It simply may be that more patience is required before we will see the effects of monetary policy more clearly in inflation, given the kind of lags flagged above in the price level studies for developed economies. Lower inflation feels long overdue, which partly reflects the widespread assumption that the spike in inflation would be ‘transitory’. 

Why might rate hikes be taking longer to take effect?

According to the analysis highlighted above, lags (at least for prices) could be longer now if: 1) economies have become more financially developed, 2) central banks are less independent and/or 3) economies have become less open to international trade in recent years. I’d argue that there is a case to support this:

  1. The UK, euro area and US may not have become more financially developed, but you could argue that households and firms have been making more use of the opportunities that higher levels of financial development bring. In the UK for example, more households took out fixed rate mortgages when interest rates were low, and with longer fixed rate terms. That should have lowered households’ short-term sensitivity to interest rate increases: By the first quarter of 2023, the share of UK fixed rate mortgages was at its highest since at least 2004. More than half the UK mortgage stock has a fixed rate term longer than two years (Chart 1). As for corporates, looking beyond the UK, there was a period of sizeable US dollar high yield issuance in 2020 and 2021 that saw companies term out debt (Chart 2).
  2. Independent central banking is associated with central bank inflation targeting credibility more broadly. With inflation so high and following a long period of quantitative easing you can make a plausible argument that central bank inflation targeting credibility at least has been eroded. The Bank of England, for example, regularly asks consumers “overall, how satisfied or dissatisfied are you with the way the Bank of England is doing its job to set interest rates in order to control inflation?”. For the first time since the survey started in 1999, that indicator turned net negative in 2022 and was still negative in the second quarter of 2023. The European Central Bank’s (ECB’s) survey of professional forecasters showed that expectations of inflation for five years ahead moved a touch above the 2% inflation target in 2022 and have yet to move back to target (Chart 3).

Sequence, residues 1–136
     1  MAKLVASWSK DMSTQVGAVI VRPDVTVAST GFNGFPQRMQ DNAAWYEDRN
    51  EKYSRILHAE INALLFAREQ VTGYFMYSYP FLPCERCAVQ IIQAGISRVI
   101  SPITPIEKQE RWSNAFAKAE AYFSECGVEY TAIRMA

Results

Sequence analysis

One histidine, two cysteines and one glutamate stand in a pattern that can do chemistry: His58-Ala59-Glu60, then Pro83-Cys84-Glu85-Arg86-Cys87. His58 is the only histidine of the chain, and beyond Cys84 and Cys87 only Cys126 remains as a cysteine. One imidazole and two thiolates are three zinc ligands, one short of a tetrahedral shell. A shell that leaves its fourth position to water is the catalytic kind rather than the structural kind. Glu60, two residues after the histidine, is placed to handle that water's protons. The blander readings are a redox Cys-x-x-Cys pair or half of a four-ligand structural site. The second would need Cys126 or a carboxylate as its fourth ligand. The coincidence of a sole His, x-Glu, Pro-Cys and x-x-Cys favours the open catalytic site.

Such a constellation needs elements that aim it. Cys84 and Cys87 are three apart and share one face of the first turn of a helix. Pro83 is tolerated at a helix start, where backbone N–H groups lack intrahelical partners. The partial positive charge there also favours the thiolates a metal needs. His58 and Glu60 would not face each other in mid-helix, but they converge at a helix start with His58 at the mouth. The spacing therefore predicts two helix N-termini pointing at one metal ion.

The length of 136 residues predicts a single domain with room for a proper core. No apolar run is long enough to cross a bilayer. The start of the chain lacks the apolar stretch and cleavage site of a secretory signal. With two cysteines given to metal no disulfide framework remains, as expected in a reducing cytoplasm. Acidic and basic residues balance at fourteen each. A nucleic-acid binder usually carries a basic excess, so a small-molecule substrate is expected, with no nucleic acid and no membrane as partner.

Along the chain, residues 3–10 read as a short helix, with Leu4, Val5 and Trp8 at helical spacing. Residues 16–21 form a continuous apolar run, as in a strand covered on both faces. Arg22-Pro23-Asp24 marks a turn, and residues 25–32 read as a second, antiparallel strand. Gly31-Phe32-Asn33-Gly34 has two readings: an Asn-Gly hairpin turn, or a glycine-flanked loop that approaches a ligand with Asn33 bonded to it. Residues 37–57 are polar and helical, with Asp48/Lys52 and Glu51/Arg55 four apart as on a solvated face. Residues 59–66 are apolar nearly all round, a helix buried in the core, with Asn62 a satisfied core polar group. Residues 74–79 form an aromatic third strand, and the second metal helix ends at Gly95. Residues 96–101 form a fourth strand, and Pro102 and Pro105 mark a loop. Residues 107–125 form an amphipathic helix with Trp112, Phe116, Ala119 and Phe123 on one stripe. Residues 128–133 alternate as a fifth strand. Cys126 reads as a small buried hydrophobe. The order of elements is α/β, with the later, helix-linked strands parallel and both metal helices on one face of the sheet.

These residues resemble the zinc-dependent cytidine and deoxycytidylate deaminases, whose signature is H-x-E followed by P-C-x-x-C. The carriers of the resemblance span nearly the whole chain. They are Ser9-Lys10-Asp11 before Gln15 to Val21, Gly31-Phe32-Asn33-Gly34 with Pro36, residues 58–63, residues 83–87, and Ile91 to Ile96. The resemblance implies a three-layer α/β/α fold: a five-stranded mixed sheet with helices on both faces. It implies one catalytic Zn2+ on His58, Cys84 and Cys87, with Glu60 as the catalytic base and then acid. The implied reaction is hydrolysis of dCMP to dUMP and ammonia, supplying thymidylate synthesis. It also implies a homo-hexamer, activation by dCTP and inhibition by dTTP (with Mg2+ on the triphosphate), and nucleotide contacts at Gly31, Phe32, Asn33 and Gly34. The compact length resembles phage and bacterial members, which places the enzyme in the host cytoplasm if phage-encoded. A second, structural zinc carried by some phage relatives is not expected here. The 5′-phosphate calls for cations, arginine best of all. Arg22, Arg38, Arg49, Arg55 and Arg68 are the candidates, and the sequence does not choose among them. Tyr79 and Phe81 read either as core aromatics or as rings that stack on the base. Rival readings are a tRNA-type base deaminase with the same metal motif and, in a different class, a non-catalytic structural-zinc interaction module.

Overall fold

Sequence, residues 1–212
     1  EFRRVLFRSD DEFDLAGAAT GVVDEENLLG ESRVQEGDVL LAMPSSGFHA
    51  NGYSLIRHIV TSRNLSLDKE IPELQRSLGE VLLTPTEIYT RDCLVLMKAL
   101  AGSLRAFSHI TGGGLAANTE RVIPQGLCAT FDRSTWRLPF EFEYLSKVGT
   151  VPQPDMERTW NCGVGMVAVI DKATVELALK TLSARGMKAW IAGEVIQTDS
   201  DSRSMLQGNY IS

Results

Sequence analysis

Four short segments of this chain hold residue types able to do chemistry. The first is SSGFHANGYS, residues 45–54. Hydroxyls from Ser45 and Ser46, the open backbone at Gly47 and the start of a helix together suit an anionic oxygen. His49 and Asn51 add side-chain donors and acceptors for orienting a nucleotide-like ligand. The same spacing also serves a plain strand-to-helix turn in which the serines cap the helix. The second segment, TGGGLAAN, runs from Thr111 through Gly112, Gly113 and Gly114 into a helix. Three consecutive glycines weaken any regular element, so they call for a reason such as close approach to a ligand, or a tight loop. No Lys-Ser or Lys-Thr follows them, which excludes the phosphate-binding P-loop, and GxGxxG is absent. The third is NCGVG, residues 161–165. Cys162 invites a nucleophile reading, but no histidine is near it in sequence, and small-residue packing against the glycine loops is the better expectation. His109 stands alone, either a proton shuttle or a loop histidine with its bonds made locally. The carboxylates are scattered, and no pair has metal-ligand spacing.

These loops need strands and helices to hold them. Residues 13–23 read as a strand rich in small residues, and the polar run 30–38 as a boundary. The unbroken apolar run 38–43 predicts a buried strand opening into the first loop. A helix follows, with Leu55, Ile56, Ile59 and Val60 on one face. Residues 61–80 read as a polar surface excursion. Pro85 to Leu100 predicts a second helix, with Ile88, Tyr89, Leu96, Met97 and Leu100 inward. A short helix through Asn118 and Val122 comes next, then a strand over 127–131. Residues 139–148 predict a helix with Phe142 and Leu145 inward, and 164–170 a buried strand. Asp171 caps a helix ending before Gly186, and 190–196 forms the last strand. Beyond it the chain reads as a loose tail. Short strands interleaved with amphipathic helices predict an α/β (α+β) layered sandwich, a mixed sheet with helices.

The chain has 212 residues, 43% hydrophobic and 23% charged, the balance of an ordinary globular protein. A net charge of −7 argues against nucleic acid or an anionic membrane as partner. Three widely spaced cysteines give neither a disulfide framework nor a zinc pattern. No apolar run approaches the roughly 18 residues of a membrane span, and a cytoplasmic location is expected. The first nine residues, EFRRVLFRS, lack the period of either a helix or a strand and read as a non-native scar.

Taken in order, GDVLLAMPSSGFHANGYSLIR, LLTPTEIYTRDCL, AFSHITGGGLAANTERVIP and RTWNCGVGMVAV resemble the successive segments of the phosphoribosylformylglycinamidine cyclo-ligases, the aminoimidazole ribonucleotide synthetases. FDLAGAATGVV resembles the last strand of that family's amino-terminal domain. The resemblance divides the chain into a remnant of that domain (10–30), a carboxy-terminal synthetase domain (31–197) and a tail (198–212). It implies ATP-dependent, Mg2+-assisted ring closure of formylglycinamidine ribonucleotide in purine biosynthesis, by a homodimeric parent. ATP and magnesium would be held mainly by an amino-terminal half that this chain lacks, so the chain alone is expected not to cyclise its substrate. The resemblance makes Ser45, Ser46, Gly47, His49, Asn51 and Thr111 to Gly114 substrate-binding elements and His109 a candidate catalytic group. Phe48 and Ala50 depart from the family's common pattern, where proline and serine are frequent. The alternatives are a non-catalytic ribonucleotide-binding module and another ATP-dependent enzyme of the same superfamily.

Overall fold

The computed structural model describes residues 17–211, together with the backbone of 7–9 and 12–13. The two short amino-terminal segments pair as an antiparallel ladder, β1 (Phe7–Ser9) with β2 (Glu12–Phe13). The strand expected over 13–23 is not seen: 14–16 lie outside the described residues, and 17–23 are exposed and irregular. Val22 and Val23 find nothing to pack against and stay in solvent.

3. As for international trade, economies have arguably become less open to trade given the combination of Brexit, increased tariffs, sanctions against Russia and any increase in onshoring (following pandemic era supply chain disruptions).  As economies potentially become less sensitive to exchange rates, monetary policy lags may get longer too as that transmission channel weakens. However, this argument only goes so far where the UK, for example, despite Brexit, remains a very open economy.

But could rate hikes also be less effective now?